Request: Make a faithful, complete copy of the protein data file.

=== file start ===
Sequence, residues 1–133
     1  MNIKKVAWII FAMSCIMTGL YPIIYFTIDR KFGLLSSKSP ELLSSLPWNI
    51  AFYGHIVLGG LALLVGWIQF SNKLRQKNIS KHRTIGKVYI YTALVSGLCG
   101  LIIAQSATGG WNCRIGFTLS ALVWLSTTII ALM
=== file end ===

Sequence, residues 1–133
     1  MNIKKVAWII FAMSCIMTGL YPIIYFTIDR KFGLLSSKSP ELLSSLPWNI
    51  AFYGHIVLGG LALLVGWIQF SNKLRQKNIS KHRTIGKVYI YTALVSGLCG
   101  LIIAQSATGG WNCRIGFTLS ALVWLSTTII ALM